A visit to our northern neighbor sparked some comparisons
My daughter and I recently spent five days in Canada, visiting Montreal, Toronto, Ottawa, and a few places in between. It was my first time out of the US in two decades, a move spurred by events in my native country of the last two years that have led me to more directly research how other countries operate.
In getting a brief firsthand glimpse of how my neighbors to the north live — as the White House occupant continues to antagonize Canada’s leaders with higher tariffs, lukewarm responses to Canada’s human rights feud with Saudi Arabia, and even more immature Twitter insults — I came away impressed by certain aspects.
For instance, the big cities of Montreal and Toronto appear cleaner and better developed than nearby US cities such as Buffalo and Detroit. While there is crime, homelessness, and other social problems in the northern nation, those issues don’t hit you in the face the way they do in the US.
Look at almost any study, and Canada is ranked higher than its southern neighbor, except in areas such as technological innovation. Canadian students score higher on tests and more have post-secondary degrees. Life expectancy is higher in Canada and the suicide rate lower. Health care and higher education costs are significantly higher in the U.S. Crime is lower in Canada.
Many think the US supposedly wins with lower taxes, but that is changing. A 2018 OECD study found that Canada had a lower average tax rate for a single person without kids than the U.S. at 22.8% to 26.1%. The estimates include federal and provincial or state taxes, as well as social security contributions and money returned through family benefits.
Besides innovation, the US wins in better weather — I wouldn’t want to face Canadian winters year after year. And there was a noticeable difference in the average price of gasoline at about $4 per gallon in Canada compared with almost $3 in the US. Despite higher gas prices, I still observed a substantial number of large SUVs on the Canadian highways and roads.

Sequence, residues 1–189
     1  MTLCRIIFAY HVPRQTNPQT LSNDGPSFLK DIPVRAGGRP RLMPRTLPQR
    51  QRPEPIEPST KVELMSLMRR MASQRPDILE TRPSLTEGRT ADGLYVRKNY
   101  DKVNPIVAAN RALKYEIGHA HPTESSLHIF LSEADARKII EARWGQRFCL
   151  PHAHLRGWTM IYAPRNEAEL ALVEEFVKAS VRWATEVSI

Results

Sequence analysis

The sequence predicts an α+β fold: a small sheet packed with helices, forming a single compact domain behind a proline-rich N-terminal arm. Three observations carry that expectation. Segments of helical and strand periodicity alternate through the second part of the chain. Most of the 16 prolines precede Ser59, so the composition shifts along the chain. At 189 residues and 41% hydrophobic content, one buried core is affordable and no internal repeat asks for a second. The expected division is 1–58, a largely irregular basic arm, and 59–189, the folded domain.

The US also has better corny and sarcastic attractions, such as the World’s Largest File Cabinet, in Burlington, Vt. But then, Canada better recycles international events such as the 1976 Summer Olympics into attractions that continue to pay dividends long afterwards.
The bottom line for many people on where they live is whether they grew up there and consider it home. Even though I get frustrated at many of the problems we face in the US and enjoy my visits to other nations, I can’t see myself moving to another country unless I really have no choice.
Despite its warts, the US has an abundance of creative people working for positive change. It hasn’t ever been great for all of its people — what country has? — but many people try to make improvements. We may not be doing such a good job lately, but maybe that’s only on the surface, and things will change in time. Hopefully, sooner than later.